Essentially, the chance that the Fukushima incident will evolve into something as bad as Chernobyl is virtually null. The containment is built for the sole purpose of keeping radiation and heat from a meltdown inside. Also, the whole construction of the Fukushima reactor is such that a meltdown (a situation, where all the fuel melts together and start generating huge amounts of heat and radiation) cannot happen. I encourage anybody interested in the matter to read Dr. Josef Oehmans assessment of the situation, which also explains the explosions that has happened in all three reactors. Even if the containment should fail, the release of radiation will be greatly retarded by the fact that the Fukushima reactors are moderated by water and not flammable graphite.
Anyone following the situation in Japan closely will undoubtedly have noticed the strong one-sidedness and anti-nuclear bias in the media coverage. While some critique, such as Iouli Andeevs critique of the spent fuel deposit, and former member of the Japanese Nuclear Safety Committee, Dr. Katsuhiko Ishibashi's critique of building plants near fault zones are undoubtedly justified, reactions to the situation have been verging on the hysterical. Even before the damage and hazard level of Fukushima had been properly determined, German chancellor Angela Merkel announced that she plans to shut down all German nuclear power plants built before 1980 and Japanese are migrating south from Tokyo in the thousands due to a marginal rise in radiation levels. The Fukushima plant has endured the fifth largest earthquake in the history of man and a following 10 meter tsunami and while the situation remain uncertain and Japanese authorities are struggling to keep the situation under control, the IAEA is, at the time of writing, yet to disclose any information that there has been any radiation leakage that poses any major health hazard to even the local area. In any case, even if the Fukushima incident should turn out to be a major health hazard, there is virtually zero chance that any German plant, or any European plant for that matter, would ever be subject to a natural disaster of such magnitude. Furthermore, use of terminology in the press such as ‘nuclear explosion’ when referring to the explosions due to hydrogen buildups in the vented steam and the frequent mentioning of radiation danger without assessing its hazard level has contributed with nothing other than undue panic and taken the focus away from the thousands of Japanese who are in real danger and immediate need of shelter, medical attention and aid.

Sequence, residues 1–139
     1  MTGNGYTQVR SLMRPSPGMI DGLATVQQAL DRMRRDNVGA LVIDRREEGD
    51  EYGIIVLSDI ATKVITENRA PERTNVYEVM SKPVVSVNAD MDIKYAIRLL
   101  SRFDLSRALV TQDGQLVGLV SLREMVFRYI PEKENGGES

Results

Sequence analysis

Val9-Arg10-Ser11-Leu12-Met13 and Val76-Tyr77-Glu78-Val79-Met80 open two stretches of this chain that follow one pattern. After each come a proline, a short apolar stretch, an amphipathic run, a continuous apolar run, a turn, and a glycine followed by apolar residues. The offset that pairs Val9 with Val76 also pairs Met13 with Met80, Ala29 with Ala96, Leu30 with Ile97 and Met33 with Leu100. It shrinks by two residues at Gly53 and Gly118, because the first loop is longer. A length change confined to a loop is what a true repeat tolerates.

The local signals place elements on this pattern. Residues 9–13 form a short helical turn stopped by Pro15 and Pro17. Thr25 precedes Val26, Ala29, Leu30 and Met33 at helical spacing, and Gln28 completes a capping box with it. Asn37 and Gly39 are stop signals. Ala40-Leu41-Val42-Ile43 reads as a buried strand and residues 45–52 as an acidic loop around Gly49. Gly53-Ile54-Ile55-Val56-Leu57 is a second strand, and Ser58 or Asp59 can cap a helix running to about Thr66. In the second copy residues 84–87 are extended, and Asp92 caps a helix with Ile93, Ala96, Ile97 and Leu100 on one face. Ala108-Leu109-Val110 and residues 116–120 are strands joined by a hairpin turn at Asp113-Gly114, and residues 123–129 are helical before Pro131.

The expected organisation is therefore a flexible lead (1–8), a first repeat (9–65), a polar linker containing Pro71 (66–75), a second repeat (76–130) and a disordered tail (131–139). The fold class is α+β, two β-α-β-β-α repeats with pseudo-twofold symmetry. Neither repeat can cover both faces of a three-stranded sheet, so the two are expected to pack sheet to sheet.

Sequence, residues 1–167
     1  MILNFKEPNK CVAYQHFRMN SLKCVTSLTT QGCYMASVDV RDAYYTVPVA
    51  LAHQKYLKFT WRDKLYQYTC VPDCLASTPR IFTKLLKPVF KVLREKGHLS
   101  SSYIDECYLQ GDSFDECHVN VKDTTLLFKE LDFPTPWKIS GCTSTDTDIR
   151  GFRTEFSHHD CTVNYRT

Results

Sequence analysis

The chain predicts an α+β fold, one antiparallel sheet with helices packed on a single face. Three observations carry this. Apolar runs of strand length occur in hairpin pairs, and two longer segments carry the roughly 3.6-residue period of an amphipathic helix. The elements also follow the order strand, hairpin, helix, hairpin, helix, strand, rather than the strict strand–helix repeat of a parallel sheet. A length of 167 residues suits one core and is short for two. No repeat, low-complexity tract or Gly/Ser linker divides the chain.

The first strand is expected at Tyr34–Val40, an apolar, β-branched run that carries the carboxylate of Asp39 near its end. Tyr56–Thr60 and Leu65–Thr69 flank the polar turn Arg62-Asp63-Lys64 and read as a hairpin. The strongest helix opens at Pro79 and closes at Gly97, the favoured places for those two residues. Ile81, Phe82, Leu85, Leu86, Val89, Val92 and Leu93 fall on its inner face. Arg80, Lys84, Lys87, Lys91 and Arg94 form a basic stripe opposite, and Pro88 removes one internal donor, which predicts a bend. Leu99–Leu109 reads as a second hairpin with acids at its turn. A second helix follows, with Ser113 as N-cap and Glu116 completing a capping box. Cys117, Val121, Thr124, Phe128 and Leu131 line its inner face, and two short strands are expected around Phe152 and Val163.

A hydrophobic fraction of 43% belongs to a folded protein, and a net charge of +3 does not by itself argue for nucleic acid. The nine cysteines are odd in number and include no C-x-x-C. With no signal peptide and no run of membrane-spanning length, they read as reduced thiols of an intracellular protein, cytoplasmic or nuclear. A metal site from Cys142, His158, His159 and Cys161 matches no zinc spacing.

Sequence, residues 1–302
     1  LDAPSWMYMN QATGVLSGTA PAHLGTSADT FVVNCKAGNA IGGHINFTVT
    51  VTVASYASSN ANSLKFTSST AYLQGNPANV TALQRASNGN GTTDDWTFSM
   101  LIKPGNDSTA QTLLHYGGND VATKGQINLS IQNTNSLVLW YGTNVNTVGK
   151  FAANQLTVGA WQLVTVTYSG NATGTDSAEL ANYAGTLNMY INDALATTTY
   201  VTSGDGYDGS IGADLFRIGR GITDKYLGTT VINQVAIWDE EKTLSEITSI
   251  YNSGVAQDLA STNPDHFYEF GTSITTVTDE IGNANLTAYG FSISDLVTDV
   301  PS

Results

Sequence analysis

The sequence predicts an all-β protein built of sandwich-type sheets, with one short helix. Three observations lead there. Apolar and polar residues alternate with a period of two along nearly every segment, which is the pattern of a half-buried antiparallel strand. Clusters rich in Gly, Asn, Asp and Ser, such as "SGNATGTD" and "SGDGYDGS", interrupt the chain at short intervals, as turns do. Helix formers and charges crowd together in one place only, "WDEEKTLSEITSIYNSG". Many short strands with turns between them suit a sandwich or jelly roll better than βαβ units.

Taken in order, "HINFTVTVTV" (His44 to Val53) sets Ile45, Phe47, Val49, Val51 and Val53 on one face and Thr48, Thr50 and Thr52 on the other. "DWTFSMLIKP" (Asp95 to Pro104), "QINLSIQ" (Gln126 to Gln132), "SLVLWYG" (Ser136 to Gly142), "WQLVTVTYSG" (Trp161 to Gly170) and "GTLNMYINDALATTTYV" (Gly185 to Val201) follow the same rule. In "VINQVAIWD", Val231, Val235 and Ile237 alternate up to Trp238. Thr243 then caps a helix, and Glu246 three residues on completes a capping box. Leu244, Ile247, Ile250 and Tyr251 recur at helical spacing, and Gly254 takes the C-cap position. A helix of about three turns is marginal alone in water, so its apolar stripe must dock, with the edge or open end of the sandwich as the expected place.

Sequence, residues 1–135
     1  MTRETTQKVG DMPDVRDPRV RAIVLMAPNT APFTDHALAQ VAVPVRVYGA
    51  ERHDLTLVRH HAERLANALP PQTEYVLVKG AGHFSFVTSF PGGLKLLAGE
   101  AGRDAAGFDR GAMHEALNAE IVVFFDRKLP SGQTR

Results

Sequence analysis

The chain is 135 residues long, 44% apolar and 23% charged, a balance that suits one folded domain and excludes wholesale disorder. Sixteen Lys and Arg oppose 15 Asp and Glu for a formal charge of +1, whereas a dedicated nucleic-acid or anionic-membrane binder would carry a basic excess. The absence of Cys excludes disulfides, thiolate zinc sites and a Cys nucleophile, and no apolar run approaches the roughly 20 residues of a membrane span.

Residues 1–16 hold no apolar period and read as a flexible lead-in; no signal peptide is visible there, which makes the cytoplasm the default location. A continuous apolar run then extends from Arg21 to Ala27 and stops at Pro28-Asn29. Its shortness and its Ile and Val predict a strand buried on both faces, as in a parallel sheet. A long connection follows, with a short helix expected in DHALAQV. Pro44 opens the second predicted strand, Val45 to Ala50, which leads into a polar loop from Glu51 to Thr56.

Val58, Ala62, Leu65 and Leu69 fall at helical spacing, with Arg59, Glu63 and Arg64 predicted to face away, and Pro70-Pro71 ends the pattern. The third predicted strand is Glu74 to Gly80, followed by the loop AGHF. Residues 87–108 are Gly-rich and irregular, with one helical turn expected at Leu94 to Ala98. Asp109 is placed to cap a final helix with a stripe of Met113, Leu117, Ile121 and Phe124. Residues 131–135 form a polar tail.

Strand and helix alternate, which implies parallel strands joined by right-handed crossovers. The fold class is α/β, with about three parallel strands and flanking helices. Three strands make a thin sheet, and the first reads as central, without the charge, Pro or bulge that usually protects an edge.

There is no doubt that the situation at Fukushima remains extremely serious. Workers are still struggling to keep water levels sufficiently high and unconfirmed rumors hints at a leakage from the containment shell of one of the reactors and cooling by helicopters were canceled due to rising radiation levels above reactor three. However, no matter what the situation in Fukushima will evolve into, the population of Japan has the right to unbiased and accurate radiation hazard assessments and information related to the incident, so they do not have to endure unnecessary worries in an already excruciatingly difficult situation.